SPALDING, Idaho – The Nez Perce Tribe was among just four tribes to host a Lewis and Clark Bicentennial National Signature Event, one of 15 such events. Activities in this event, dubbed “The Summer of Peace: Among the Nimiipuu,” took place June 5 – 17, with the official opening ceremonies held June 14 at Nez Perce National Historical Park in Spalding.
Opening ceremonies were conducted on a grassy field situated above the Clearwater River with the open hillside across the river and woods to either side providing a fitting setting. Heavy rains earlier in the morning ceased as the ceremonies began, and
continual birdsong added to the setting.
Emcee Allen Pinkham, Nez Perce, remarked how Lewis and Clark had most likely been on the same spot of ground where the opening was being held. He commented that there were many landmarks important to the Nez Perce people that Lewis and Clark didn’t see or ask about, important now for the historical content they contain and important to identify those things in common with both cultures because “we’re all neighbors.”
Pinkham continually stressed peace and friendship, such as was observed from the time of Lewis and Clark for 71 years until that relationship broke down with much misunderstanding and misinterpretation. “I believe we can overcome these difficulties by sharing not only our culture, but the knowledge we have so we can mesh together our history and your history as the United States. The Nez Perce Tribe has a great deal to contribute to this knowledge base and that is why it’s important for this bicentennial to occur,” Pinkham told the assembled crowd.
The presentation of colors was led by Wilfred Scott, with the Nez Perce Nation Drum singing the Flag Song. Horace Axtell, member of the tribal longhouse, asked others who worshipped as he did to join him in the invocation.
Rebecca Miles, chairman of the Nez Perce Tribal Council, said, “Speaking for the tribal executive committee and our leaders past and present, and on behalf of the Nez Perce Tribe, it is my honor and pleasure to welcome each and every one of you here to our homeland.
“When Lewis and Clark came through this territory they not only acknowledged us as a sovereign nation, they depended on the Nez Perce for their survival coming and going. Many of us sitting here and many Nez Perce that you will hear and have heard throughout the past week are descended directly from people at the time Lewis and Clark came through.
“One of the descendents that I come from is Old Looking Glass, who was a young boy at the time of Lewis and Clark. You heard the Flag Song when we came in that was sung at the Treaty of 1855. That young boy, not quite 50 years later, would be negotiating a treaty with the U.S. government and our people ceded 13 million acres to the U.S. government. It is that experience that our people live by, our legal status today, based on that Treaty of 1855. I share those words with you because I am as anxious as anyone of what this week will unfold,” Miles commented.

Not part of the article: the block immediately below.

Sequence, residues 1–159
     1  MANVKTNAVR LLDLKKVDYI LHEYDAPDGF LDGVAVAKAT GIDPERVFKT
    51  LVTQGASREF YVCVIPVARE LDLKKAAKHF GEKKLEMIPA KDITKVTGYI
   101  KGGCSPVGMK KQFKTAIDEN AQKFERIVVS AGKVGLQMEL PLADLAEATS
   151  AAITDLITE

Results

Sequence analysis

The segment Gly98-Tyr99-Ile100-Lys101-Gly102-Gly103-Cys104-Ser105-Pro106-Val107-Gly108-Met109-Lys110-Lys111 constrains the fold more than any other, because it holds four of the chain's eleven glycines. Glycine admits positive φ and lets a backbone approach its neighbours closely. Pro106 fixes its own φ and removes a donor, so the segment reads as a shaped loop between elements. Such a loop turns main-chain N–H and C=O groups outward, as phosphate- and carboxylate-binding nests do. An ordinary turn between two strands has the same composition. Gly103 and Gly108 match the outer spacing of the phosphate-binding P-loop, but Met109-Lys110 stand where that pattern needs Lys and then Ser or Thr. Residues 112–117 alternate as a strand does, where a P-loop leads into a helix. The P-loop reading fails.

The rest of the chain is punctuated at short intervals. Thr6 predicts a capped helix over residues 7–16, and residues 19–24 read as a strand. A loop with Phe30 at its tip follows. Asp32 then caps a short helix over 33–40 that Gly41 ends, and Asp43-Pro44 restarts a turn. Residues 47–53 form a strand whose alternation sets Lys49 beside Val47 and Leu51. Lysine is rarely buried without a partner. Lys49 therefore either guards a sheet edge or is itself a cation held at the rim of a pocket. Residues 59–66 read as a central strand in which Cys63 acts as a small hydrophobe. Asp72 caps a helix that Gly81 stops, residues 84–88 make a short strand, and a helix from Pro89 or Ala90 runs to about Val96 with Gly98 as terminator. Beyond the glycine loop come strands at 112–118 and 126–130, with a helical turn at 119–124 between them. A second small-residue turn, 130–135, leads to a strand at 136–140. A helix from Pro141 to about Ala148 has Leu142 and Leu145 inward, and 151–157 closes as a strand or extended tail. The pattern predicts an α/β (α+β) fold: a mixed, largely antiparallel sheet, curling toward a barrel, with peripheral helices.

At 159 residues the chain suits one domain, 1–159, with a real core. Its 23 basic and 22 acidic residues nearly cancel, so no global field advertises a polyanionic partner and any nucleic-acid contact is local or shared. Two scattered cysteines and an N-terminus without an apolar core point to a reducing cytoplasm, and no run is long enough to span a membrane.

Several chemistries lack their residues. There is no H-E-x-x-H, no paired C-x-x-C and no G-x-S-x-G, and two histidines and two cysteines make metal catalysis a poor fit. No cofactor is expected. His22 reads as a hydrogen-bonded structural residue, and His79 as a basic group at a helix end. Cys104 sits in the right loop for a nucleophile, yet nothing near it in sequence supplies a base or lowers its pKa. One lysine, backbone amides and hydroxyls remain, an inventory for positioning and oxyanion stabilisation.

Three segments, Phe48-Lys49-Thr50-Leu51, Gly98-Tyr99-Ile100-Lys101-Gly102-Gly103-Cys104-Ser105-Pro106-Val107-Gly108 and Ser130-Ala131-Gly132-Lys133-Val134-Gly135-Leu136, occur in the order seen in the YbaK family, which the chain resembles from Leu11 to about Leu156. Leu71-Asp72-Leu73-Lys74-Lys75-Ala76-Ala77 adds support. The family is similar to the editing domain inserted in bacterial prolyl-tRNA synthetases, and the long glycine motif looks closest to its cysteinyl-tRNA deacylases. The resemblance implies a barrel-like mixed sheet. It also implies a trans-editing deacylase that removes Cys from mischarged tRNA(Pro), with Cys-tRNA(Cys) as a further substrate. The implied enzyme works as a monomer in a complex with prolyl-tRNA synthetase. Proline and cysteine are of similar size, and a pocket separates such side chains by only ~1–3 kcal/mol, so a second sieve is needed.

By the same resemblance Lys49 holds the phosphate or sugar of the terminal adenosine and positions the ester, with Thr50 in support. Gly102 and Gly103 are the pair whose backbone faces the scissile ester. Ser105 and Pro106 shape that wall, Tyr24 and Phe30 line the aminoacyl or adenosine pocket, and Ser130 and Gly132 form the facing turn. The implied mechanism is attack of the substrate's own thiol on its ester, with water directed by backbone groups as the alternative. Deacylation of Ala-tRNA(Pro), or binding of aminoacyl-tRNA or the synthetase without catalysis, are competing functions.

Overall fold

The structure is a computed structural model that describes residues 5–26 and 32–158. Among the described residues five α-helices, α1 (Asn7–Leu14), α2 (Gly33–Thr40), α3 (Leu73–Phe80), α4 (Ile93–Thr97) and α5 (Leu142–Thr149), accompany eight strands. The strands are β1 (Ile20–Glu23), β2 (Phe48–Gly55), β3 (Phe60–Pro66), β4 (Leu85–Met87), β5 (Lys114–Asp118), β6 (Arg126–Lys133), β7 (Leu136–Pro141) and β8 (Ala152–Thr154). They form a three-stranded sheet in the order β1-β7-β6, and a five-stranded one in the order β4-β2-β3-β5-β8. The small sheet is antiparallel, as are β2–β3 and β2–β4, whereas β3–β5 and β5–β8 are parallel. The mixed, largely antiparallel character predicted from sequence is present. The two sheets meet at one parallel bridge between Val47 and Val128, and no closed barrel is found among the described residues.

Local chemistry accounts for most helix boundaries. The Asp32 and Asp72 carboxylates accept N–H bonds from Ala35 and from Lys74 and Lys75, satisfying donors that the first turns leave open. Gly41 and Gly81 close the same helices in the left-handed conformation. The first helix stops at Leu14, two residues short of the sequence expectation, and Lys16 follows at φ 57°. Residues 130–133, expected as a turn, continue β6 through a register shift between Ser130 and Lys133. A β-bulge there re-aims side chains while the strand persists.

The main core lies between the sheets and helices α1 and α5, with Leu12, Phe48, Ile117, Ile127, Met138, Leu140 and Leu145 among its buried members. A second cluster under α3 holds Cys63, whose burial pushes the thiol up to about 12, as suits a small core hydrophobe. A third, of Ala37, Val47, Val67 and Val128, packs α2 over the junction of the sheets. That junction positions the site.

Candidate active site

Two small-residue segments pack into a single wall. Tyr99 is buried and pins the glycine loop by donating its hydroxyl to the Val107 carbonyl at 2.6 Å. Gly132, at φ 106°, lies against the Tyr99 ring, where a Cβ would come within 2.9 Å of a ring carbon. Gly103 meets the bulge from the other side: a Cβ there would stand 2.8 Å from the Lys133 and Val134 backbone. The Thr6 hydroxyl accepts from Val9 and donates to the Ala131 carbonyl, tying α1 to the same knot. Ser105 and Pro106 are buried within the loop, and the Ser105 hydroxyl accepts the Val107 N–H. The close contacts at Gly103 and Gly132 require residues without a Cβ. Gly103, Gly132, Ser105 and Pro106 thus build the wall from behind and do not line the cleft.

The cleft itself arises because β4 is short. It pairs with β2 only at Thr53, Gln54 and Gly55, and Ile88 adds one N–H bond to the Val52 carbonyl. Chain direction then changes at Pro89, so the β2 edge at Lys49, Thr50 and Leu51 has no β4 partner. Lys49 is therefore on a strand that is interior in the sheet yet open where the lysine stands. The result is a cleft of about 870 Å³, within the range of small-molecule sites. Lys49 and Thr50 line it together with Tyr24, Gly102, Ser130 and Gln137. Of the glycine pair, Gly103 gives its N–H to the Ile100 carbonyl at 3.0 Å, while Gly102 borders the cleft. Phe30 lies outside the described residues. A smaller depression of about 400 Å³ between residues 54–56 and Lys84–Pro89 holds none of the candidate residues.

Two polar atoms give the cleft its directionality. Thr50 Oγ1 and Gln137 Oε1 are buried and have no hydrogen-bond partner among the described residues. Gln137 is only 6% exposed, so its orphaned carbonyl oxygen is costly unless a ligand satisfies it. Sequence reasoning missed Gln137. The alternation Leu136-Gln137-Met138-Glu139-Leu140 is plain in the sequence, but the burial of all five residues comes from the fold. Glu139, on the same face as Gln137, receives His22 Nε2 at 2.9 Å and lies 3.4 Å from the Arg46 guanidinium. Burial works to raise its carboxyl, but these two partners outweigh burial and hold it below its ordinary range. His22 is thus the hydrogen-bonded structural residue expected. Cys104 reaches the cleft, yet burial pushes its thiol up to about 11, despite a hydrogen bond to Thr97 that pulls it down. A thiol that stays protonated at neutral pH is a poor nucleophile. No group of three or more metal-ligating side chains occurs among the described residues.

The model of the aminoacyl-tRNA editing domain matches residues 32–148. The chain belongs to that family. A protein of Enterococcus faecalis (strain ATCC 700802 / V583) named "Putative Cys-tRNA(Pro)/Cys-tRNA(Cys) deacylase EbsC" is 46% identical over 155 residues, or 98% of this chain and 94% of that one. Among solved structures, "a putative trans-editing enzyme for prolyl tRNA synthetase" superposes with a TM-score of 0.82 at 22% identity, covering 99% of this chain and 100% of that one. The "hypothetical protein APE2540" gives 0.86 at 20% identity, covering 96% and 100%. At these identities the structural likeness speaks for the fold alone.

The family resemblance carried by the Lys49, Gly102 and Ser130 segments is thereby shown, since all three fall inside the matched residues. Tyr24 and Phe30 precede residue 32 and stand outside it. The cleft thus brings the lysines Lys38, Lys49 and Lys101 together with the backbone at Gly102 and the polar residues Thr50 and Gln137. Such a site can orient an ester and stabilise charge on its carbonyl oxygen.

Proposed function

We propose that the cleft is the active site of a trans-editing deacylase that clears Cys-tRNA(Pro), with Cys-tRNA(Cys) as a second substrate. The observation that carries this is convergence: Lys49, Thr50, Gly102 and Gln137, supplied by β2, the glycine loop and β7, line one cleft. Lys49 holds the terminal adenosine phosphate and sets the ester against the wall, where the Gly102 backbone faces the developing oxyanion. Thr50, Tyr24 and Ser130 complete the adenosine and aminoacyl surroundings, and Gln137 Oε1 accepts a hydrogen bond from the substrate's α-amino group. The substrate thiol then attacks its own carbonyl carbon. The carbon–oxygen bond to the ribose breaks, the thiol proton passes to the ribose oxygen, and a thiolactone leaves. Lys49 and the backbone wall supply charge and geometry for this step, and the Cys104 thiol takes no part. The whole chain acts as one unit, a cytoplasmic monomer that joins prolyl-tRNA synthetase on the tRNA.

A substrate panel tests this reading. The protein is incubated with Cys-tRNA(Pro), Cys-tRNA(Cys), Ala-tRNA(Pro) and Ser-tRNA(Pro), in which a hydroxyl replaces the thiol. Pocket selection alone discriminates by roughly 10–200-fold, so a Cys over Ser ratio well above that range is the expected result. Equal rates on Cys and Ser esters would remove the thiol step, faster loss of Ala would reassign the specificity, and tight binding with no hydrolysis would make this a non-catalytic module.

“I gather that what you have been hearing in the past few weeks and what my people will be telling you this week is not a whole lot about Lewis and Clark, but rather telling you what Lewis and Clark saw and experienced during their stay and upon their return,” she continued.
This point was continually reinforced during the “Summer of Peace” events. The Nez Perce utilized this opportunity to educate and inform visitors about tribal history and ways. It was a forum to get the tribe’s word out, help build bridges of understanding and to stress the peace and friendship concept that was frequently mentioned.
Miles completed her comments by thanking all the entities and individuals involved in this National Signature Event, pointing to the many years of planning that had gone into the final production. “More importantly, when we planned this event we wanted to realize what we were going to say in this week, but more importantly my desire and my wish is what is to come when all is said and done. What this week will accomplish with our communities, so that we’ll be able to work together.”
Scott Ekberg, speaking on behalf of the National Park Service, told of the Nez Perce National Historical Park where the event was held and which today “stretches across four states from Old Chief Joseph’s grave site at Joseph, Oregon, to the Bear Paw Battlefield near Chinook, Montana,” he commented. “The Nez Perce have a tie to their land that spans scores, if not hundreds, of generations across thousands of years over time immemorial. The weight of their collective knowledge and wisdom informed and enriched members of the Corps of Discovery 200 years ago and today, in our increasingly multicultural society, it still retains the powers to captivate and inform and enrich all of us today if we but open our hearts and our minds and our ears to it.”
The crowd was entertained by a horse regalia parade and by a Welcome Dance presented by the Nimiipuu Dancers, a group of young women from the Nez Perce Tribe. Finally, a Circle Dance was held around the large grassy field with virtually the entire audience participating – more than 1,200 in all. Tribal leaders said it was the largest such event they’d ever held and hoped it symbolized Summer of Peace efforts to bring people of different cultural backgrounds together.